Topics

Jurjew #general


Dr. Trevor Waner
 

At the bottom of a photograph of my great grandfather is written the word
Jurjew. I looked this up in the internet and it seems to be a town in
Poland. That is strange because my family comes >from Lithuania. Has anyone
information about this town, its Jewish inhabitants, etc.

Looking forward hearing about this.

Best regards and Shabbat Shalom,

Trevor Waner
Rehovot, Israel


Judith Romney Wegner
 

"That is strange because my family comes >from Lithuania."

The point of this is that we have to 'interpret' our family stories
to figure out how they meant the information. 'Lithuanian', for
example, rarely meant a nation, but rather a philosophy or
subdivision of Eastern European Ashkenazi Judaism. If you were not
Lithuanian, you were probably a Galicianer, and if you were not a
Galicianer, you were probably Lithuanian - regardless of where you
lived in Eastern Europe.
Sally Bruckheimer

I think Sally has got this exactly right -- except for one small
detail: the term those wannabee "intellectuals" would have used was
undoubtedly not "Lithuania" but "Litvak" -- which has quite a
different ring to it, carrying as it does all those psychological
nuances!

Lithuania, like Poland or Galicia, describes only that geographic
country or region; but I think we all have a mental concept of
exactly what we mean when we refer to our ancestors as Litvaks,
Polaks, or Galitzianers -- not forgetting Yekkes, of course, one
dare not overlook the Yekkes! (-: ) (I suppose none of these
terms are p.c. nowadays, more's the pity -- I think we lose more than
we gain by dropping them.

So the family of the original questioner may not actually have "come
from" Lithuania at all. They were philosophical and psychological
Litvaks, though living wherever the records indicate!

Judith Romney Wegner


Sally Bruckheimer <sallybru@...>
 

My grandmother's family was also Lithuanian - specifically they said,
Augustow. Of course, there was no Lithuania for centuries before the 20th
century; Lithuanian was the term for the generally self-described
'intellectual', Northern, largely non-Chassidic Jews of
Russia/Poland/Prussia/whatever. Augustow was actually in Suwalki gubernia
of the Kingdom of Poland. The area was not ever Lithuania when this family
was there. And actually, they were >from Augustow District and not >from the
city itself.

The point of this is that we have to 'interpret' our family stories to
figure out how they meant the information. 'Lithuanian', for example,
rarely meant a nation, but rather a philosophy or subdivision of Eastern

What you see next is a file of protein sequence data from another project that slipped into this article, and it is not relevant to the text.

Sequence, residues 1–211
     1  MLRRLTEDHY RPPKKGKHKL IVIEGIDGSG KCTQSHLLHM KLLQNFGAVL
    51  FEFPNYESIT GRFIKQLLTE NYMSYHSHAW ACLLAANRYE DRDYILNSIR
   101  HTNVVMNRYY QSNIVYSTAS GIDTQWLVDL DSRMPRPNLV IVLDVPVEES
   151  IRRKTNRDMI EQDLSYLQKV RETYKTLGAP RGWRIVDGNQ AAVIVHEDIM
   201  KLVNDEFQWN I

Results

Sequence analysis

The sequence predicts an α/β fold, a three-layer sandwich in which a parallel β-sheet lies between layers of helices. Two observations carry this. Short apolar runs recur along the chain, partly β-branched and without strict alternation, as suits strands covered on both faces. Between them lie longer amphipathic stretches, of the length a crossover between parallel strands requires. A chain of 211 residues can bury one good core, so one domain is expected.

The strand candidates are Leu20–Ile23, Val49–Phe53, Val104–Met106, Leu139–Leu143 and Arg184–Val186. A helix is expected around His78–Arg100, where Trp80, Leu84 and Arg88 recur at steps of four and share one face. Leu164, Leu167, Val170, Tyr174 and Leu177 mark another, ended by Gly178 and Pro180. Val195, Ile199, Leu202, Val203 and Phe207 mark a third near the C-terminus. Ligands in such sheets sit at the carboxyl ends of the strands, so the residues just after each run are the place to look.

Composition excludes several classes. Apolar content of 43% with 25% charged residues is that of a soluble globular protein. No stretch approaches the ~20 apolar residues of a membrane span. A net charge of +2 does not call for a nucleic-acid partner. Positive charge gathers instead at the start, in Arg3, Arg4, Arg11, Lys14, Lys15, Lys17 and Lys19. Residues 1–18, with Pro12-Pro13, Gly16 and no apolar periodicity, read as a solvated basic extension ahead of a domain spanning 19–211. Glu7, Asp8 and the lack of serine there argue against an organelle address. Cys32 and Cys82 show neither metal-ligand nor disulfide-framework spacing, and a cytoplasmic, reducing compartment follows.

European Ashkenazi Judaism. If you were not Lithuanian, you were probably a
Galicianer, and if you were not a Galicianer, you were probably Lithuanian -
regardless of where you lived in Eastern Europe.

Similarly, 'Augustow' is interpreted as the Augustow area. Jurjew, on the
other hand, was never (as far as I know) a district city or even a 'big
city', so it is more likely that they lived there or in an even smaller town
nearby.

Sally Bruckheimer
Chatham, NJ

With apologies to all Lithuanians and Galicianers who would describe these
two groups differently.

"That is strange because my family comes >from Lithuania."


Evelyn Waldstein
 

At the bottom of a photograph of my great grandfather is written the word
Jurjew.
Jurjew was a small town known also as Dorpat and in to-day Estonia as
Tartu. It was famous for its well known liberal University many Jews >from
the Baltic region and other places in Russia (and not only) tended to get
their higher education as medical doctors, pharmacists, lawyers and other
specialties. Tuition was in Russian and German at those days.

Evelyn Waldstein
mailto:evewa@post.tau.ac.il


Alexander Sharon
 

"Trevor Waner" wrote

At the bottom of a photograph of my great grandfather is written the word
Jurjew. I looked this up in the internet and it seems to be a town in
Poland. That is strange because my family comes >from Lithuania. Has
anyone information about this town, its Jewish inhabitants, etc.

Looking forward hearing about this.

Best regards and Shabbat Shalom,

Juriev is a Russian name of the Estonian town known currently as Tartu
(Dorpat in German).
Search JewishGen and through the Google information about this town and its
Jewish community.
Tartu is considered as the intellectual centre of Estonia and is a main
rival to country capital-Tallinn.

Amongst my friends in South Africa, there were several whos families have
originated >from Kurland (Courland) - the historical territory that is now
divided between modern Estonia and Latvia.

Alexander Sharon
Calgary, Ab


ac <anitac47@...>
 

"That is strange because my family comes >from Lithuania."

> The point of this is that we have to 'interpret' our family stories
>to figure out how they meant the information. 'Lithuanian', for
>example, rarely meant a nation, but rather a philosophy or
>subdivision of Eastern European Ashkenazi Judaism. If you were not
>Lithuanian, you were probably a Galicianer, and if you were not a
>Galicianer, you were probably Lithuanian - regardless of where you
>lived in Eastern Europe.
>Sally Bruckheimer

In the song, "Rumania" sung by Aaron Lebedeff, if you can understand
Yiddish, you can hear the caricatures of the Litvaks and the Galitzianers.
Down to the fact that Galitzianers liked their foods sweet which, in prior
discussions on this list, have been helpful in tracing family origins! Ya
never know where the information will come from.

Regards,
Anita Citron